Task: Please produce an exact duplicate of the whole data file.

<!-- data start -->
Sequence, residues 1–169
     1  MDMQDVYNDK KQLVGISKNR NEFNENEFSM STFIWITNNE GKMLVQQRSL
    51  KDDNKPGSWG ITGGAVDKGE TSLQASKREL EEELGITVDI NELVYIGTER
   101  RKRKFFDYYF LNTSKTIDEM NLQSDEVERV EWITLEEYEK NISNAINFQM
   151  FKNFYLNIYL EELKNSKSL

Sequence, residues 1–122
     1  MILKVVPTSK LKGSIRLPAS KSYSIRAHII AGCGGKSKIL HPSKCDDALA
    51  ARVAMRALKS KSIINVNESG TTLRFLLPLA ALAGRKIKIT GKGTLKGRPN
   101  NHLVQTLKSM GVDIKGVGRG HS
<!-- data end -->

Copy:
Sequence, residues 1–169
     1  MDMQDVYNDK KQLVGISKNR NEFNENEFSM STFIWITNNE GKMLVQQRSL
    51  KDDNKPGSWG ITGGAVDKGE TSLQASKREL EEELGITVDI NELVYIGTER
   101  RKRKFFDYYF LNTSKTIDEM NLQSDEVERV EWITLEEYEK NISNAINFQM
   151  FKNFYLNIYL EELKNSKSL

Sequence, residues 1–122
     1  MILKVVPTSK LKGSIRLPAS KSYSIRAHII AGCGGKSKIL HPSKCDDALA
    51  ARVAMRALKS KSIINVNESG TTLRFLLPLA ALAGRKIKIT GKGTLKGRPN
   101  NHLVQTLKSM GVDIKGVGRG HS